Sunday, September 4, 2011

DIY:Fabric Headboard

In 2003, Paul and I ditched the Ikea furniture and bought real furniture, from a real furniture store. We already had a queen mattress that we purchased after our wedding, so we automatically purchased a queen headboard and footboard.

By 2009,  I felt Paul was sleeping too close to me in that queen bed, resulting in 3 adorable kids. Therefore,I finally convinced him to buy us a king sized mattress. The dilema? The bed set we purchased 6 years before had been discontinued and I didn't want to chance the woods stain not matching another set, so we've been without a headboard. Another conundrum...I got pregnant again, even with the king bed. Apparently, the queen sized bed was not the issue. Who woulda thought?

Since it's a holiday weekend, I thought it would be nice to try out a do-it-yourself project. For some reason, the thought of a headboard popped into my mind.  Paul originally wanted to do wood and stain, but again, I didn't want the stain to not match our current furniture, so I suggested a fabric headboard. I browsed the internet and found this site. It had the most detailed info on what I was looking to do and was easy to understand, although we did make some alterations.

We went to Joann Fabrics to purchase our fabric, batting, and foam. You need to know what size headboard you are going to build in order to determine the amount of fabric, batting and foam. Plan to get a few inches more so that you have enough to wrap around your plywood to attach easily.

Then we headed to Lowe's to pick up our plywood. We tied the plywood down to the top of our SUV, which was quite the adventure! I see a pick-up in Paul's near future ;)

Supply List:

4'x8' Plywood
Fabric (upholstery)
Foam Padding
Polyester Batting
Staple Gun/Staples
Measuring Tape
Circular Saw
Power Drill
Safety Glasses
1/4" Machine Screws

Step 1:

Size of your headboard depends on the size of your bed. As I said, we have a king, so we measured from one end of the frame to the other. At 76.5", we Paul had to use the circular saw to cut the plywood to size since the plywood was 96" long. (You could opt to not do this and just have a headboard that is wider than your bed.) The plywood was 48" wide, which was a perfect height for our bed.

Step 2:

Paul measured the bolt holes on the metal bed frame and pre-drilled the holes into the plywood accordingly.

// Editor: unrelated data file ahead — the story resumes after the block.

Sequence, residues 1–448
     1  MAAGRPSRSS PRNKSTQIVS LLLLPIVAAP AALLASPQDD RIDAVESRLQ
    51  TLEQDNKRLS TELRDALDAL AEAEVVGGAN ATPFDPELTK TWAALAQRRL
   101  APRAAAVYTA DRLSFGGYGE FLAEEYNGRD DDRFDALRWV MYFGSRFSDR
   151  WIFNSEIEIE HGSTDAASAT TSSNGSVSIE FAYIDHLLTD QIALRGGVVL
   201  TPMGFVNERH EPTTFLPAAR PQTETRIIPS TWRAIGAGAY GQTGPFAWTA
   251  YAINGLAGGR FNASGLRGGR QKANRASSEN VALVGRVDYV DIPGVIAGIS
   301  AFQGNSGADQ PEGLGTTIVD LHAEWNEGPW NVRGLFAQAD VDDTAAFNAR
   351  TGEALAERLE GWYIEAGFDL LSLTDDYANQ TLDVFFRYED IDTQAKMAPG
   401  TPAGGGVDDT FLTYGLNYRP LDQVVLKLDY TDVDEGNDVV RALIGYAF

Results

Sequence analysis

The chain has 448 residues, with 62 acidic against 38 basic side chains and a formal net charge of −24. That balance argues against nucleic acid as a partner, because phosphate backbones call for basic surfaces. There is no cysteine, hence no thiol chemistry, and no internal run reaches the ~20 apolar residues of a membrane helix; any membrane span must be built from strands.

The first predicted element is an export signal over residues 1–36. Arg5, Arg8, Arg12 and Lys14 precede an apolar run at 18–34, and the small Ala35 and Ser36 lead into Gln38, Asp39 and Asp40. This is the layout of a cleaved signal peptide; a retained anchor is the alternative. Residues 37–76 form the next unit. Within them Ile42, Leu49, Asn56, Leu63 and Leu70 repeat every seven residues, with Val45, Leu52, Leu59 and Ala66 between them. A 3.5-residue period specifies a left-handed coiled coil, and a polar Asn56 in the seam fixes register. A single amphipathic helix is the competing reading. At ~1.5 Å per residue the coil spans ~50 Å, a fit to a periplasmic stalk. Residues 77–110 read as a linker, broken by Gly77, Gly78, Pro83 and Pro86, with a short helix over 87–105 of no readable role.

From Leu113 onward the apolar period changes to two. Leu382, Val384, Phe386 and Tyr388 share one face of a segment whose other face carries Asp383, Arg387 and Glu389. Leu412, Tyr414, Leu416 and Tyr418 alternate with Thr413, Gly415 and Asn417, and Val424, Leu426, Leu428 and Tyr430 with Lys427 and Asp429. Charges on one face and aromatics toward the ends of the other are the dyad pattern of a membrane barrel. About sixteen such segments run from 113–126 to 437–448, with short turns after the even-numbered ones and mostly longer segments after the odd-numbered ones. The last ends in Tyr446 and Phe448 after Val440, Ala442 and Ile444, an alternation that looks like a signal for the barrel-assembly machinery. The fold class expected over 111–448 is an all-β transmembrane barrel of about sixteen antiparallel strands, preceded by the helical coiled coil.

Step 3:

Attach your foam using your staple gun. Unlike the link above, we did use 1/2" foam. Joann's did not have 1", so we bought 2 rolls of 1/2" but decided not to use the other roll. I found it easier to lie the board on the foam and pull it over the edge, rather than standing the board up. Do what works for you.

Step 4:

Attach your polyester batting using your staple gun. Again, I did this with the board lying on the batting versus standing up.

Step 5:

Attach your fabric. This has to be the best part of the project because you get to see all your work coming together. I did the top, bottom, sides and then the corners. You want to make sure you are pulling the fabric taut, but not too much so that it causes the edges to look bumpy in between staples.

You can't see it in the above pic, but I did cut the fabric around the pre-drilled holes in the back to make it easier for installation. Paul then used an exacto knife to cut the holes in the fabric on the front side.

Step 6:

Attach the board to your bed frame.

Before Pic:

After Pic:

Now I just need to get some more brown/blue accents and some wall art, and we may actually have an adult bedroom. Woohoo!

It took us about 2.5 hours from start to finish, including installation. It did take us 3 hours to buy supplies incase you were curious, but being an infrequent customer at a fabric store can be overwhelming. The project itself was super easy and I think we may make these for the girls' rooms.

Foam:       $12.48
Batting:     $11.98
Fabric:      $43.73
Plywood:  $ 16.98
Total:        $85.17 + tax

Note: Make sure you get your material/foam/batting while on can be pricey if not.

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